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Flatland: A Romance of Many Dimensions

by Edwin Abbott Abbott

Flatland: A Romance of Many Dimensions is an 1884 science fiction novella by the English schoolmaster Edwin Abbott Abbott. As a satire, Flatland offered pointed observations on the social hierarchy of Victorian...

Roughing It

by Mark Twain

Roughing It follows the travels of young Mark Twain through the Wild West during the years 1861–1867. After a brief stint as a Confederate cavalry militiaman, he joined his brother Orion Clemens, who had been...

Juvenilia – Volume II

by Jane Austen

Perhaps as early as 1787, Austen began to write poems, stories, and plays for her own and her family's amusement. Austen later compiled "fair copies" these early works into three bound notebooks, now referred...

On Liberty

by John Stuart Mill

On Liberty is a philosophical work by 19th century English philosopher John Stuart Mill, first published in 1859. To the Victorian readers of the time it was a radical work, advocating moral and economic freedom...

Juvenilia – Volume I

by Jane Austen

Perhaps as early as 1787, Austen began to write poems, stories, and plays for her own and her family's amusement. Austen later compiled "fair copies" of these early works into three bound notebooks, now referred...

Thoughts are Things

by Prentice Mulford

Prentice Mulford was instrumental in the founding of the popular philosophy, New Thought, along with other notable writers including Ralph Waldo Emerson. Mulford's book, Thoughts are Things served as a guide...

St. Francis of Assisi

by Gilbert Keith Chesterton

Chesterton was an orthodox religious person, eventually converting to Roman Catholicism. In 1923, he wrote this short biography of St. Francis of Assisi, after whom Cardinal Jorge Mario Bergoglio chose his papal...

The Book of Tea

by Kakuzo Okakura

The Book of Tea was written by Okakura Kakuzo in the early 20th century. It was first published in 1906, and has since been republished many times. In the book, Kakuzo introduces the term Teaism and how Tea...

The Problems of Philosophy

by Bertrand Russell

A lively and still one of the best introductions to philosophy, this book pays off both a closer reading for students and specialists, and a casual reading for the general public.

Juvenilia – Volume III

by Jane Austen

Perhaps as early as 1787, Austen began to write poems, stories, and plays for her own and her family's amusement. Austen later compiled "fair copies" of these early works into three bound notebooks, now referred...

Dialogues Concerning Natural Religion

by David Hume

David Hume, the 18th century philosopher, economist, and historian, uses a lively Socratic discussion by three characters to explore the nature of religion and God, particularly whether and how one can know...

Women and Economics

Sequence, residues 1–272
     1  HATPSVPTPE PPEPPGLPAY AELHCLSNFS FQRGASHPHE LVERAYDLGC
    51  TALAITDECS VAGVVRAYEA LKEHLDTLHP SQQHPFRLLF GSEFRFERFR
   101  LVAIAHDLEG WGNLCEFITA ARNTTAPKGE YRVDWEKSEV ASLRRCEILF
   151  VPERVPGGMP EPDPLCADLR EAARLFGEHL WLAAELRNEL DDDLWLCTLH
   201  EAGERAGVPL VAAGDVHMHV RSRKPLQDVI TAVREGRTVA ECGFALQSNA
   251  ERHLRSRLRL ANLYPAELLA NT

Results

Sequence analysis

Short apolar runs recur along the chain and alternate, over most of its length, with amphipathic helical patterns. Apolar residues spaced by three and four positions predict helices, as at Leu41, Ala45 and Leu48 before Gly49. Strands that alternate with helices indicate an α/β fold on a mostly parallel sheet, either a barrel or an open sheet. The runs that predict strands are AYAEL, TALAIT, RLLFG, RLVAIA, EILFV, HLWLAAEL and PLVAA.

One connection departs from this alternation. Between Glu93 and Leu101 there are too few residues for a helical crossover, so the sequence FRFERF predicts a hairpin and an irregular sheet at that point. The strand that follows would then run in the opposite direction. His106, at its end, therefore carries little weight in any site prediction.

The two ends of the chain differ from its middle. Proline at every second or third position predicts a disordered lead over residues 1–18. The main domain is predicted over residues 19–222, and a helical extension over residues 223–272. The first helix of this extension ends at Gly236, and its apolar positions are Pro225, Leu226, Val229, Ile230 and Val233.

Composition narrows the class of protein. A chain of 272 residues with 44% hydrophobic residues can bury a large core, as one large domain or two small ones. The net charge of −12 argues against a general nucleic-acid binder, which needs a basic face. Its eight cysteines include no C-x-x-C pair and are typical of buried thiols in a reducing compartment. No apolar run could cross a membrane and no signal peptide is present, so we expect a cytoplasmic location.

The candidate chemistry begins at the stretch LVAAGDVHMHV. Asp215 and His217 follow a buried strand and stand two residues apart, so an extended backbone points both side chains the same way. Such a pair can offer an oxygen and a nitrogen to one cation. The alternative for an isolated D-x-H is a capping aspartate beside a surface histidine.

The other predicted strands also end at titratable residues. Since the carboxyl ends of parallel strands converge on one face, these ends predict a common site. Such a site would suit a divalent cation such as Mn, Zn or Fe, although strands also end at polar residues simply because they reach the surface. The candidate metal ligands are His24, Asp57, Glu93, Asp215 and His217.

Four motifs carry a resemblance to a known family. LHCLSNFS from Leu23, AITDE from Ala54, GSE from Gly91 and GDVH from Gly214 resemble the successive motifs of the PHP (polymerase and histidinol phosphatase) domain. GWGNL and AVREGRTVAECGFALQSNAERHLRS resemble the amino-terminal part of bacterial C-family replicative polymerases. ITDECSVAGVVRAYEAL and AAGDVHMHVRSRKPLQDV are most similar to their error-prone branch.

by Charlotte Perkins Gilman

Women and Economics – A Study of the Economic Relation Between Men and Women as a Factor in Social Evolution is a book written by Charlotte Perkins Gilman and published in 1898. It is considered by many to...

Great Astronomers: Galileo Galilei

by Robert Stawell Ball

Galileo Galilei (1564-1642) was an Italian physicist, mathematician, astronomer, and philosopher who played a major role in the Scientific Revolution. His achievements include improvements to the telescope and...

The Diary of a U-boat Commander

by Sir William Stephen Richard King-Hall

The diary of a World War One U-Boat commander. As well as being a fascinating glimpse of life on the German U-boats during the intense submarine blockade, this also reminds us there were humans involved - on...

Symposium

by Plato

The Symposium (Ancient Greek: Συμπόσιον) is a philosophical dialogue written by Plato sometime after 385 BC. It is a discussion on the nature of love, taking the form of a group of speeches, both satirical...

The Borgias

The Technique of the Mystery Story

by Carolyn Wells

Do you love mystery stories, such as the Sherlock Holmes stories and those of Edgar Allan Poe and Agatha Christie? Do you ever yearn to be a good writer of mysteries? Carolyn Wells was a prolific author of mystery...

Eugenics and Other Evils

by Gilbert Keith Chesterton

From the introduction: "I publish these essays at the present time for a particular reason connected with the present situation; a reason which I should like briefly to emphasise and make clear. Though most...

My Bondage and My Freedom

by Frederick Douglass

My Bondage and My Freedom is an autobiographical slave narrative written by Frederick Douglass and published in 1855. It is the second of three autobiographies written by Douglass, and is mainly an expansion...

On the Duty of Civil Disobedience

by Henry David Thoreau

Thoreau wrote his famous essay, On the Duty of Civil Disobedience, as a protest against an unjust but popular war and the immoral but popular institution of slave-owning.